Daily News Roundup

June 5, 2019


Jailed Cardinal George Pell’s appeal against his historical child sex abuse convictions has begun at the Supreme Court of Victoria in front of a packed court room with the Cardinal wearingn his clerical collar, which he did not wear when he was sentenced.

Three judges will rule on the appeal after the hearing, which is set down for two days.

The courtroom was full as the hearing got underway.

Some of Pell’s relatives and supporters were in attendance, as well as abuse survivor advocates and reporters.

Pell is serving a six-year jail term for sexually abusing two choirboys when he was archbishop of Melbourne.

Last December, a jury found him guilty of abusing the boys at Melbourne’s St Patrick’s Cathedral after a Sunday mass in 1996, and abusing one of the boys a second time several months later.

The former senior Vatican official pleaded not guilty at trial, but was convicted of one count of sexual penetration of a child under 16 and four counts of committing an indecent act with a child.

Pell is first requesting leave to appeal — that is, permission for his appeal to be considered.

But his application for leave to appeal and the appeal itself are being argued at the same time, which is the Court of Appeal’s usual practice to avoid separate hearings and save time.

The three judges could hand down a decision during the two-day hearing, or could instead reserve their decision for a future date.

If they do rule that the guilty verdicts are unreasonable, Pell will be acquitted and immediately released from jail.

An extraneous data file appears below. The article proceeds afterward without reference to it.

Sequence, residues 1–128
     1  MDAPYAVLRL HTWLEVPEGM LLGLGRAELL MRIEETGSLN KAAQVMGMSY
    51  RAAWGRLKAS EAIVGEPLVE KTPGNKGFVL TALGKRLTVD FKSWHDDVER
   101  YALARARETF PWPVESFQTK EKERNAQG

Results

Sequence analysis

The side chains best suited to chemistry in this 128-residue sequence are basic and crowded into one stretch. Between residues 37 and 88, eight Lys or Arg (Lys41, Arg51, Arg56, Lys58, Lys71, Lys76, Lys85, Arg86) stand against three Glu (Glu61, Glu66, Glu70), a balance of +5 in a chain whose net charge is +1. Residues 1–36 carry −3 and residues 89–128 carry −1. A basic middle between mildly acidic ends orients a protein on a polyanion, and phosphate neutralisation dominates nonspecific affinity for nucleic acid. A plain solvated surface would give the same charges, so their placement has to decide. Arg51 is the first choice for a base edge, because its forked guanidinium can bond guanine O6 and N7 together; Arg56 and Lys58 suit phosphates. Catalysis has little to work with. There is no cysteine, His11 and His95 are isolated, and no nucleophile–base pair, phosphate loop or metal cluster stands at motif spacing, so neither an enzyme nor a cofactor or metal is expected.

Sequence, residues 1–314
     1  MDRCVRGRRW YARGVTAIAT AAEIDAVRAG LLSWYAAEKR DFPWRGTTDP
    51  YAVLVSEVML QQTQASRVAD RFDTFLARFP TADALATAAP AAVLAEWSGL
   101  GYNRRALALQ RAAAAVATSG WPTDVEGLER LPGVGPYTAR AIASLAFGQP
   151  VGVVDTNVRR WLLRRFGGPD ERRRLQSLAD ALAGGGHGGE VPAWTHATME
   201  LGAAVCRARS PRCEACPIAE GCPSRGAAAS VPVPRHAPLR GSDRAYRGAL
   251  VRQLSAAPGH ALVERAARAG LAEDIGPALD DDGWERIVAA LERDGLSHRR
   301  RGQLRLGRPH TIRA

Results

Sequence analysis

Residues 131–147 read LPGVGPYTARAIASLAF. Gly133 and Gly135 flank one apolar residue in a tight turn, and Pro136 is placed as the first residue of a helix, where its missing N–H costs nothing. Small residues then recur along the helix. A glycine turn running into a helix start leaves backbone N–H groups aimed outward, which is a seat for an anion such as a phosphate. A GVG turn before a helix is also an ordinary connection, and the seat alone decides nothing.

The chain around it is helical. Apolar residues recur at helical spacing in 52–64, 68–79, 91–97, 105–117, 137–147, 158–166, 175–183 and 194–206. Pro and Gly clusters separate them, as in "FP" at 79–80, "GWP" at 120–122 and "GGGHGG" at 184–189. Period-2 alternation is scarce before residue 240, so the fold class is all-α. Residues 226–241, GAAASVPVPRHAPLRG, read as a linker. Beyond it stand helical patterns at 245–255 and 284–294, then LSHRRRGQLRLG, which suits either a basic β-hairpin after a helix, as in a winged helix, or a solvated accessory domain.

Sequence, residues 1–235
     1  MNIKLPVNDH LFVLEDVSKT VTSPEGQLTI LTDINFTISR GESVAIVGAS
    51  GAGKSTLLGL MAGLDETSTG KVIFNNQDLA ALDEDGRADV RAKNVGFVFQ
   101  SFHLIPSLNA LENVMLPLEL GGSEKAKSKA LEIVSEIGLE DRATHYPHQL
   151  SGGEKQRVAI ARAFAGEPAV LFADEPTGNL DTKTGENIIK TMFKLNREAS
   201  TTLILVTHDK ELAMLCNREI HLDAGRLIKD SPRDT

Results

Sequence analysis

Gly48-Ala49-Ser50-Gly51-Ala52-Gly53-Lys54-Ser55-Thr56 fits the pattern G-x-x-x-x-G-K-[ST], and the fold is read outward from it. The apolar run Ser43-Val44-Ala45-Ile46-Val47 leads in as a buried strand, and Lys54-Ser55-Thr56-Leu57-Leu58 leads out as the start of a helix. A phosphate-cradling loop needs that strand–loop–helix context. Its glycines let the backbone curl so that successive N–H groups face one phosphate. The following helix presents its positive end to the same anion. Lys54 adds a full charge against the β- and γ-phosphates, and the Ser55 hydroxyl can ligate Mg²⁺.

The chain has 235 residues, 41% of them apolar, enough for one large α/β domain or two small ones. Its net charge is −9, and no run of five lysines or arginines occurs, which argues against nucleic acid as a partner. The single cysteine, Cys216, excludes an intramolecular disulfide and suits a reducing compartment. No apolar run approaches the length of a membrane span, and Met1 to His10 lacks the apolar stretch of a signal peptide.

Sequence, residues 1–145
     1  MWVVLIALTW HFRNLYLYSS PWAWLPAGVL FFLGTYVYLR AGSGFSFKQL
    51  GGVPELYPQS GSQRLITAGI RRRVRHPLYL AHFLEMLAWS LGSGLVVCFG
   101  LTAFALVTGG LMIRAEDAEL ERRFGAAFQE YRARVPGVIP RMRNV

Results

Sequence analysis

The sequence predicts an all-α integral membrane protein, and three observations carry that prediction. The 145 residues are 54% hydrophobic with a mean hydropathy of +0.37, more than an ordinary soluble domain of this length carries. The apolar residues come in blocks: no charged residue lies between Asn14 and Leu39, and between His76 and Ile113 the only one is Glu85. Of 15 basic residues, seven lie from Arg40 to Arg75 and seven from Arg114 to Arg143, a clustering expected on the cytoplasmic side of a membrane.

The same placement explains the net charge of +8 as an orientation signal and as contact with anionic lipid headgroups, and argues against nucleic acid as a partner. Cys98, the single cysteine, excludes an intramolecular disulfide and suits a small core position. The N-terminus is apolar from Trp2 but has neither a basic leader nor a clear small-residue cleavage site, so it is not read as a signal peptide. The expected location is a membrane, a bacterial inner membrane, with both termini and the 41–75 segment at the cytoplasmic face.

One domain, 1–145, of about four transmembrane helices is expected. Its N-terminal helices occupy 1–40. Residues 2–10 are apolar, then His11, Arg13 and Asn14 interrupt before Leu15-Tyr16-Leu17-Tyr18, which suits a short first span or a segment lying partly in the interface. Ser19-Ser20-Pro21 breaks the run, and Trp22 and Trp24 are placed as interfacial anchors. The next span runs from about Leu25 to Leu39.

But if the judges find that the guilty verdicts were reasonable and instead accept the second or third grounds of his appeal, a new trial could be ordered.

The three judges have undertaken a significant amount of research before today’s hearings, including a tour of St Patrick’s Cathedral, Chief Justice Anne Ferguson said at the start of the hearing.

Pell has indicated he will not seek a reduction to the six-year sentence if the appeal against the guilty verdict fails.


The Darwin gunman killed four men with a shotgun at different locations across the Darwin CBD before calling the Police Duty Superintendant, according to reports coming out of the Northern Territory.

Police reported that the alleged killer, Ben Hoffman, was known to police and was wearing  an electronic monitoring bracelet as he allegedly carried out the attacks. It’s not known if this helped police track and arrest him.

He had recently served “more than a year” in prison, Police Commissioner Reece Kershaw said

Commissioner Kershaw said the first emergency call from the public came in from Finniss Street, near the Darwin CBD at 5.45pm.

It’s then believed the alleged gunman, moved in a vehicle across six other locations across the city.

Police and the tactical response group apprehended him on the outskirts of the Darwin CBD, about an hour after the first triple-0 call came in.

In addition to killing the men he wounded a woman.

Commissioner Kershaw said it was unknown if or how the victims were linked to Mr Hoffmann, but more information would be released later.